The Passion
 of Christ

The Inscription on the Cross
"Pilate wrote a title also, and he put it on the Cross. And the writing was: Jesus of Nazareth, the King of the Jews" (Jn. xix, 19).
GOOD FRIDAY! Each recurrence of this day is a new experience. That heart must be hardened indeed and utterly burnt out that would strive to and succeed in closing itself utterly to the impressions this day creates. Whoever has preserved even a spark of faith and charity cannot view the tragedy on Calvary without emotion. What stirs us so deeply is the clash between the most powerful contrasts: bloodthirsty cruelty and infinite compassion; deepest disgrace and royal dignity; hell-born debasement and Divine forgiveness; black guilt, enshrouding skies and earth in darkness, and the dawn of the day of Redemption; cries of salvation from the Cross, stirring prayers, mute weeping of faithful souls at the foot of the Cross, and wild shouting and blaspheming on the part of the mob of high and low degree.

All these contrasts meet and clash before the cross on Golgotha. By its very form the Cross appears as a sign of contradictions and contrasts, made up of guilt and redemption, disgrace and honor, lowliness and grandeur. As the wood of shame, the most disgraceful of all instruments of torture, it once cried out: "Ecce homo!" Behold the criminal between two other criminals! But the Cross also has an inscription which speaks a different language, announcing to the whole of mankind the royal dignity of Him Who was crucified. Concerning this the Holy Evangelist John reports: "Pilate wrote a title also, and he put it on the Cross. And the writing was: Jesus of Nazareth, the King of the Jews." The meaning and import of this inscription shall be the substance of our meditation today.

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The Prophets foresaw and foretold that the Messias would come as king, and, however humble His coming in the flesh was, nevertheless a ray of kingly majesty illumined the stable at Bethlehem. This ray emanated from the star which led the Magi from the East to the manger. They shouted the question of His kingship into the country of the Jews and into their capital city: Where is the newborn King of the Jews, whose star we have seen? And as a king the Child at Bethlehem received their homage. Thenceforward, however, a dark cloud of lowliness and poverty concealed this kingship, and naught more was said of it. Once indeed the people, in a burst of enthusiasm, sought to take the Saviour by force and crown Him king. But He concealed Himself from them and fled into the mountain Himself alone (Jn. vi, 15).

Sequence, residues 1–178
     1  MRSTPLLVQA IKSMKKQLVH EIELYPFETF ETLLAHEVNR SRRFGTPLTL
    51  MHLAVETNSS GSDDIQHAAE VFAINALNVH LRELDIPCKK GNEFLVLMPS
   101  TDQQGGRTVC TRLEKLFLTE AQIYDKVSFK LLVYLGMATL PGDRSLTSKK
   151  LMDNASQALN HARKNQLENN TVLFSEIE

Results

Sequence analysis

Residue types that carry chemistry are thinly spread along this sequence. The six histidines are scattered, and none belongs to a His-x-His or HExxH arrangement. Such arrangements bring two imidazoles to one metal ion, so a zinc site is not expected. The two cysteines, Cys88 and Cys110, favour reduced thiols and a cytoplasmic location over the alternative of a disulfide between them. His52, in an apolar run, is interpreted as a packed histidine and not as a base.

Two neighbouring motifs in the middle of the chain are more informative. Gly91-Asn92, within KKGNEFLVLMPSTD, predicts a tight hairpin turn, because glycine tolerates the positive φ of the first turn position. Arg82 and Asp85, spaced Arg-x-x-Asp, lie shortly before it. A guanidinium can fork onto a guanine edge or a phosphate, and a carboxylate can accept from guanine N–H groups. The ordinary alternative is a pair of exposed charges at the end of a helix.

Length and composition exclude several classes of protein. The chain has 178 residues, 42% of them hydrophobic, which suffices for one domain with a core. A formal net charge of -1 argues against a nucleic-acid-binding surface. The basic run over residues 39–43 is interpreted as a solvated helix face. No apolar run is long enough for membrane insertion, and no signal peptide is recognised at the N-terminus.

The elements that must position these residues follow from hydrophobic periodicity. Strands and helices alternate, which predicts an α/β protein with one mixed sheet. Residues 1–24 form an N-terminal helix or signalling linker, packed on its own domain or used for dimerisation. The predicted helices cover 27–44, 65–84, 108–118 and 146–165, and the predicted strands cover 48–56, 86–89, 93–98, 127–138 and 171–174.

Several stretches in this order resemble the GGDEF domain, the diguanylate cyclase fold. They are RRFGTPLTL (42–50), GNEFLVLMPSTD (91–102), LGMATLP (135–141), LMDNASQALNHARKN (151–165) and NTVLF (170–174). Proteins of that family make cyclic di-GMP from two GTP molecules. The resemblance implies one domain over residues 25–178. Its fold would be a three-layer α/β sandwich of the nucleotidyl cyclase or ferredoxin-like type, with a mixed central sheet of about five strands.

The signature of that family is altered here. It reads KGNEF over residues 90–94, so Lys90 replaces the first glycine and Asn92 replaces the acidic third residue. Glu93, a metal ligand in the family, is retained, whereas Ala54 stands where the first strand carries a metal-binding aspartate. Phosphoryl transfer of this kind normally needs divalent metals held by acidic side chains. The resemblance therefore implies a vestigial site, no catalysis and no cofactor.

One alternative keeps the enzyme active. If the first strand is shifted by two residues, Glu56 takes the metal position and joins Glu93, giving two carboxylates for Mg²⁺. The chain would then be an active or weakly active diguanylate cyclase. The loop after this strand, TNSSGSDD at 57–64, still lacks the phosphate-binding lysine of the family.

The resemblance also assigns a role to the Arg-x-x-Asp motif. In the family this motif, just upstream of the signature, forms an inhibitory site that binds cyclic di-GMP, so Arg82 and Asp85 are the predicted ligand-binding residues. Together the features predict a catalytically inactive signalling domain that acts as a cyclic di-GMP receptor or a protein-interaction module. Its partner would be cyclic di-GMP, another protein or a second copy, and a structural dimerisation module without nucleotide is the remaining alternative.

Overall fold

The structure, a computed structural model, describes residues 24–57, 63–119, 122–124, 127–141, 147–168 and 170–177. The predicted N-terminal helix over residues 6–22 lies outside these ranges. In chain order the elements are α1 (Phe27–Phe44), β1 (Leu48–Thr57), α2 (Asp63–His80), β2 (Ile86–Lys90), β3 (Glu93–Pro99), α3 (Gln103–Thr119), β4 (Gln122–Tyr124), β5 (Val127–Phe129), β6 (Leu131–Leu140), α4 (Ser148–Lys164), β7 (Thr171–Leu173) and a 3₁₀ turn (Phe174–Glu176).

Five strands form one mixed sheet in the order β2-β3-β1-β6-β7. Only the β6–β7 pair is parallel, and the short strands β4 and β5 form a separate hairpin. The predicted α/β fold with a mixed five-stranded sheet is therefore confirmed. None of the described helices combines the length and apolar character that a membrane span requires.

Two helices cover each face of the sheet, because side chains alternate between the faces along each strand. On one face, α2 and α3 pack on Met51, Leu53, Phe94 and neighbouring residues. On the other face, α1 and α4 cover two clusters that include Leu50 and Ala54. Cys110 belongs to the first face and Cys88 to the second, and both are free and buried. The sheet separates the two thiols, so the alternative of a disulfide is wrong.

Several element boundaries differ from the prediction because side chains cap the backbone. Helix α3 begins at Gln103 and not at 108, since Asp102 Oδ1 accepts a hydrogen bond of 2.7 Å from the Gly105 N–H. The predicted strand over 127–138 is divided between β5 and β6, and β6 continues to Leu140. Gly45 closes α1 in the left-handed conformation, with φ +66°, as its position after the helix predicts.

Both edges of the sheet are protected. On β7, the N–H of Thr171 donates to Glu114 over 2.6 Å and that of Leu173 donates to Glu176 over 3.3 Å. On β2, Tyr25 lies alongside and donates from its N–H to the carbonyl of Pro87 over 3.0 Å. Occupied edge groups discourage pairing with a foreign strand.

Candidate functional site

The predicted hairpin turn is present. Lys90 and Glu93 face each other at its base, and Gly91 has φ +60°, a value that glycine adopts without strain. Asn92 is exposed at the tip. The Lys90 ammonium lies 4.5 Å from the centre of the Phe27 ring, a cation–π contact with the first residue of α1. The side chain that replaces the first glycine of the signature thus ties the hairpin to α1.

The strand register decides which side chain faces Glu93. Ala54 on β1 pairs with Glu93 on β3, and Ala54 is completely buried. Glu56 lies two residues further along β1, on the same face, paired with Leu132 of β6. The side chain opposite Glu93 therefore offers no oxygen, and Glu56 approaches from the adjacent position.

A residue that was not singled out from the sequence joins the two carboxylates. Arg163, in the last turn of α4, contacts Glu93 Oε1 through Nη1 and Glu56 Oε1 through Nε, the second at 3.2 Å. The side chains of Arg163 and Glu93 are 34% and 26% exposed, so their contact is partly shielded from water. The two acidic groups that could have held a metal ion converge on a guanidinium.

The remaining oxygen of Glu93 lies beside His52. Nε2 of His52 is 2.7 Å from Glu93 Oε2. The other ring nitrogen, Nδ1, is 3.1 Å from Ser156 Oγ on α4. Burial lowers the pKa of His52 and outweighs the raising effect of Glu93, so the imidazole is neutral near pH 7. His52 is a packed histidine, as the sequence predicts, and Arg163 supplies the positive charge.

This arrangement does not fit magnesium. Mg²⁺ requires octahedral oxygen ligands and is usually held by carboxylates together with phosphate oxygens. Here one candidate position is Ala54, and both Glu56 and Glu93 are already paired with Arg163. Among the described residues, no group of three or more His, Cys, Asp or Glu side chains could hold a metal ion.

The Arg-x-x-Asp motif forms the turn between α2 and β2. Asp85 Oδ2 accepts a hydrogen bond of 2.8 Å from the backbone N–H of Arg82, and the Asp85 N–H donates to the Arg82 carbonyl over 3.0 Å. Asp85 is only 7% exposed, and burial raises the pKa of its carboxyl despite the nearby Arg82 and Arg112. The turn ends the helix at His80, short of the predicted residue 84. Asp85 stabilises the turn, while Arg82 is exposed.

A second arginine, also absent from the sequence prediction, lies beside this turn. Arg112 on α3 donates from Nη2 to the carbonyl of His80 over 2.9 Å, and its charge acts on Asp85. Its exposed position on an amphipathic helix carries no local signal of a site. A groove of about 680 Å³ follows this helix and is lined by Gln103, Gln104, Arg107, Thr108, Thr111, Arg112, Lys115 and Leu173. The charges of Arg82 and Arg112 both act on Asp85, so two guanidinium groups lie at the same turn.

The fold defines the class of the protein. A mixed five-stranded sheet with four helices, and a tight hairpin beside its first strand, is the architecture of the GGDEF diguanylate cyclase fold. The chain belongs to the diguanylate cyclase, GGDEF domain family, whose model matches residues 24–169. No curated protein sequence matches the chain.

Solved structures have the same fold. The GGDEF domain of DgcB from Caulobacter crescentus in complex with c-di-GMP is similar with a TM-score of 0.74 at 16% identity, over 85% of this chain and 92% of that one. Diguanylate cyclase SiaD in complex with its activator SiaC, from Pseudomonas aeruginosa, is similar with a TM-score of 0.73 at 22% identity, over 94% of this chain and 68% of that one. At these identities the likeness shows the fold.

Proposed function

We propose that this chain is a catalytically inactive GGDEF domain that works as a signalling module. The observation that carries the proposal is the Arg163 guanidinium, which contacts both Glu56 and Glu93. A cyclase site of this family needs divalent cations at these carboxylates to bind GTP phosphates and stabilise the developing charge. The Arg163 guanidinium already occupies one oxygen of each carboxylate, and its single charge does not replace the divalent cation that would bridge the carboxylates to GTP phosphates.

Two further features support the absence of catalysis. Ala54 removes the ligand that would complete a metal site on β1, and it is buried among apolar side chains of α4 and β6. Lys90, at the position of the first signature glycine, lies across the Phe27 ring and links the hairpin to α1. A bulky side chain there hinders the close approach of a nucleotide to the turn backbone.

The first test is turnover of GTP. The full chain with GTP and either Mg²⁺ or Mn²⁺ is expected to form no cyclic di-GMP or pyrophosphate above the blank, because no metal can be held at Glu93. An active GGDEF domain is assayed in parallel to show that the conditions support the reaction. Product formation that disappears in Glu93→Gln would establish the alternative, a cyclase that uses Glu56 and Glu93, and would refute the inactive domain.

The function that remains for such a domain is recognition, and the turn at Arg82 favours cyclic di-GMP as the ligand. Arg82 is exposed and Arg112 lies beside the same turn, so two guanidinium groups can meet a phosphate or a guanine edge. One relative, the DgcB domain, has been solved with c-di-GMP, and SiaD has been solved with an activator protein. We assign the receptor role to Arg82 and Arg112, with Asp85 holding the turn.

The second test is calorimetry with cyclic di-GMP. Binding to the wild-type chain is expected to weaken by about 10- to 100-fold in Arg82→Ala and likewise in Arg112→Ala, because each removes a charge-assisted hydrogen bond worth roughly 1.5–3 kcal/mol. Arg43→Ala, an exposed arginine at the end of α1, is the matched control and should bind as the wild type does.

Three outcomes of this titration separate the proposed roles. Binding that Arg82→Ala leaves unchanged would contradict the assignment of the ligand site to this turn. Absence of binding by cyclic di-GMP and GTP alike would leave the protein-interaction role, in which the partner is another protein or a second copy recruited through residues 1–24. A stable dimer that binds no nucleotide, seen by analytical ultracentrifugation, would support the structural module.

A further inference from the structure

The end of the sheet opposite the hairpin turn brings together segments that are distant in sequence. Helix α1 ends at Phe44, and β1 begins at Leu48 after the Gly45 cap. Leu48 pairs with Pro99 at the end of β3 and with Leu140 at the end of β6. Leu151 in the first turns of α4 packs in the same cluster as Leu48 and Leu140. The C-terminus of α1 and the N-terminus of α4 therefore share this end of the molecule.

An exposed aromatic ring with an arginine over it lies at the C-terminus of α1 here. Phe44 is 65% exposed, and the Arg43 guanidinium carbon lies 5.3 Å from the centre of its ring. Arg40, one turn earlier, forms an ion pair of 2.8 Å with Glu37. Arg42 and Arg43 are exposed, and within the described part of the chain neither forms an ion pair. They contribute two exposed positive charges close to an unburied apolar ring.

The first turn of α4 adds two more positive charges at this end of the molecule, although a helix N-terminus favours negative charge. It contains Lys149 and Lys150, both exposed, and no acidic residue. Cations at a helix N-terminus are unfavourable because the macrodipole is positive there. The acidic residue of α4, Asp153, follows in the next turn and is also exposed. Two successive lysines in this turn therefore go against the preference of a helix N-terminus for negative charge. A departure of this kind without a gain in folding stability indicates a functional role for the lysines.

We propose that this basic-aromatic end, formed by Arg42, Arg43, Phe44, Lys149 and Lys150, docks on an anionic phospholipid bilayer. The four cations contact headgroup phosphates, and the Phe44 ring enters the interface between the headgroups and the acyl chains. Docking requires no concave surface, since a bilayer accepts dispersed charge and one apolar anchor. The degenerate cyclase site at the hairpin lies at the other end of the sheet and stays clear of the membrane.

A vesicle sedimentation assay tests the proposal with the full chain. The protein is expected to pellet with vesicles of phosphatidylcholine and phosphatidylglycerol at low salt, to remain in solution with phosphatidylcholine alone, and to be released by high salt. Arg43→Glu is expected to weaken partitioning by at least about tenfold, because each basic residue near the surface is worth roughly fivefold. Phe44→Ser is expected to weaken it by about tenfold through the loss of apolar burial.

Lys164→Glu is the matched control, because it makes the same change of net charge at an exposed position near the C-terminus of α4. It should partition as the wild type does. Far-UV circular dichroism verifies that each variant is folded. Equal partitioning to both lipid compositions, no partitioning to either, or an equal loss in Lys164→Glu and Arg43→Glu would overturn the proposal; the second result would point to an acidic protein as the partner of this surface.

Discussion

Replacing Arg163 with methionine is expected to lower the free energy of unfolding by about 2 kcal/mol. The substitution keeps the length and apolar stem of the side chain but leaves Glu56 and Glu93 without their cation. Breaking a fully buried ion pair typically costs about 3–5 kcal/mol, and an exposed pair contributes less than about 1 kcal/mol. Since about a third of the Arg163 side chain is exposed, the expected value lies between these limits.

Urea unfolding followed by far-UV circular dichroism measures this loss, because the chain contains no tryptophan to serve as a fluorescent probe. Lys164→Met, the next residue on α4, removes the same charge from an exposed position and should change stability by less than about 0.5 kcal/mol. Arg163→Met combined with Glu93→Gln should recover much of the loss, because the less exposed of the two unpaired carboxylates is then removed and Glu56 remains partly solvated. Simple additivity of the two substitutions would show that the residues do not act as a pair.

But, beloved, at the moment when the Passion begins, the question of Christ's kingship is raised again and, like a golden thread, runs through all the disgraceful scenes and bloody abominations. The Saviour does not meekly permit, but Himself arranges for a royal entry into Jerusalem, with the multitude rejoicing loudly at His coming: "Blessed be the king Who cometh in the name of the Lord!" (Luke xix, 38.) At the trial, the high priests are the first to broach the issue of His kingship. Their charge addressed to Pilate declares: He says He is Christ, the King (Luke xxiii, 2); Pilate twice addresses the question to the Lord, and when he asks: "Art Thou a king then?" the reply is: "Thou sayest that I am a king" (Jn. xviii, 37).

Even Herod and the Roman soldiery, unwittingly, direct attention to the kingship of Jesus and provide Him with the royal insignia---Herod with the white festive robe, the soldiers with the mantle of regal shade, the crown of thorns and the scepter of reed. They intended it all as crude, cruel ridicule, but they were instruments of Providence, compelled to testify to Christ's kingship and to provide Him with those symbols of royalty which alone were worthy of Him and which He has retained through the centuries,-----not a precious crown, nor a scepter, nor garments fashioned of gold cloth, but rather the blood-red purple mantle and the jagged crown of thorns and the reed---fitting insignia for the King of suffering, Who to redeem mankind, ascends the throne of the Cross and goes to His death. Pilate presents Him as such a king to the Jewish people and all of mankind: "Behold your king" (Jn. xix, 14), and he determines the text of the inscription to be attached to the Cross. This inscription also contains the title of king: "Jesus of Nazareth, the King of the Jews." By the Governor's command these words had to be inscribed in three languages, in Hebrew, Greek, and Latin, so that the Jews and all the guests from the Græco-Roman World Empire, assembled for the Passover, might read and understand them.